The Denver Nuggets, a professional basketball organization, was forced to reveal that its popular mascot, Rocky, is not a real mountain lion. However, it was not a whistleblower who exposed the nearly 24-year-old secret, nor was it Rocky finally succumbing to the significant pressures that often accompany living a lie. Straight out of Shakespearean tragedy or the pages of a decent political potboiler, it was a seemingly innocent turn of events that would eventually betray the ersatz puma.
The Denver Post published a report this afternoon explaining that an initially insignificant post on social media was what led to the admission that Rocky is actually a human male carefully made up to look like a catamount. Last night, the Colorado GOP tweeted a picture of Rocky mugging with some attendees of a rally held at Heritage High School in Littleton, Colorado. While this seems within the rights of any mountain cat living in a democratic society, and although the owner of the team that Rocky represents is often identified as aligning with the GOP, the Nuggets organization took exception upon learning of the tweet, which has since been deleted.
“As a sports team, we want to be apolitical,” Graham Wincott, marketing manager for the Nuggets, told the Post. “Two things we never touch on are politics and religion.”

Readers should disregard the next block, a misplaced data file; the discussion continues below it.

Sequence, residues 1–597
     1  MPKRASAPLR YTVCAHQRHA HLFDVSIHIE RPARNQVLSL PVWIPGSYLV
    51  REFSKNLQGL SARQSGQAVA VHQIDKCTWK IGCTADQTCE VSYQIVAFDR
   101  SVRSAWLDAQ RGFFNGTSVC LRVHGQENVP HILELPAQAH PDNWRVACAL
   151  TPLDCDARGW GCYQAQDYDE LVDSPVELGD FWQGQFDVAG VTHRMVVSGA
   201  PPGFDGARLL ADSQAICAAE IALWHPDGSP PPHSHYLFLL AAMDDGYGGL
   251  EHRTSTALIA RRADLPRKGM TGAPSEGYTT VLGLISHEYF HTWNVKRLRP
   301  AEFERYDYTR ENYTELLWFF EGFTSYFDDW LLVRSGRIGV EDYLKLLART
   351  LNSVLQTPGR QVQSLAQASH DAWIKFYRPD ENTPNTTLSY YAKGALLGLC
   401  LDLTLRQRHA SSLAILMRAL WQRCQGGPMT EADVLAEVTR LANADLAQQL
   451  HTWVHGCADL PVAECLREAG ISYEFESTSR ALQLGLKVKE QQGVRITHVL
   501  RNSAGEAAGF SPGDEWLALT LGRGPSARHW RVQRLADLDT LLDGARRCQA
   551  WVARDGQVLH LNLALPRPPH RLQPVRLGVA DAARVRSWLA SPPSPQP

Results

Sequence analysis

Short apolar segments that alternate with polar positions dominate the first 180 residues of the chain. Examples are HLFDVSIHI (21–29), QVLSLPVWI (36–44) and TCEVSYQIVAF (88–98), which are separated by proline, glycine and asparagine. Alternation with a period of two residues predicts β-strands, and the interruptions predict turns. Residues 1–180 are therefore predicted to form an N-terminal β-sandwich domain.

It seems that Rocky never notified the team that he planned on attending the rally, which was held in support of Colorado gubernatorial hopeful Bob Beauprez and featured appearances by Senate candidate Cory Gardner and 2012 presidential runner-up Mitt Romney. Concerned that Rocky’s presence would be misconstrued as support from the Nuggets organization for Republican candidates running for office in the November elections, yet unwilling to disavow a beloved mascot, the sports franchise felt compelled to divulge that Rocky is in fact a man named Ken Solomon. Wincott made it clear that Solomon, appearing as Rocky at the rally, was something that Denver’s National Basketball Association franchise neither expected or wanted.
The announcement of Rocky’s real identity was not a shock to everyone. One Nuggets fan said that she had always harbored suspicions, since all of the mountain lions she had ever encountered did not wear athletic warm-ups and were every one of them terrible at basketball. Despite the announcement from the Nuggets as well as Rocky’s obvious anthropomorphism and lack of true feline joints or a working mouth, there are a few that continue to conflate Solomon, who attended the rally, and Rocky, now known to be a fictional character.
Upon hearing of the Nuggets attempts at distancing themselves from Solomon’s actions, Colorado Republican Party chairman Ryan Call sent out an email showing his support for Rocky. “I’m sure everyone understands that his appearance in no way implies an endorsement by the Denver Nuggets of any candidate or party,” Call wrote. It was clear that he didn’t think it was necessary to vilify the mascot for showing his political stripe. “Nuggets fans also understand that even Rocky has First Amendment rights and the Colorado Republican Party stands with him.”